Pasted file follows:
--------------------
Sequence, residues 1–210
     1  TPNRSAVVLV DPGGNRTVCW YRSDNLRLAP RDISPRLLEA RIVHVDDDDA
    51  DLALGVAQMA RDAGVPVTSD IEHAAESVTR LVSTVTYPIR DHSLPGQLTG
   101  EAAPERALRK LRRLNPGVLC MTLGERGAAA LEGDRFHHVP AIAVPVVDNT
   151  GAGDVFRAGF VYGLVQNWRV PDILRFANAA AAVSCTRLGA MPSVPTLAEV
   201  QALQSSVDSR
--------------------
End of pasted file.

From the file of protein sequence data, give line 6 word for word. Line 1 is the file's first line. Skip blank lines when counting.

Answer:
   201  QALQSSVDSR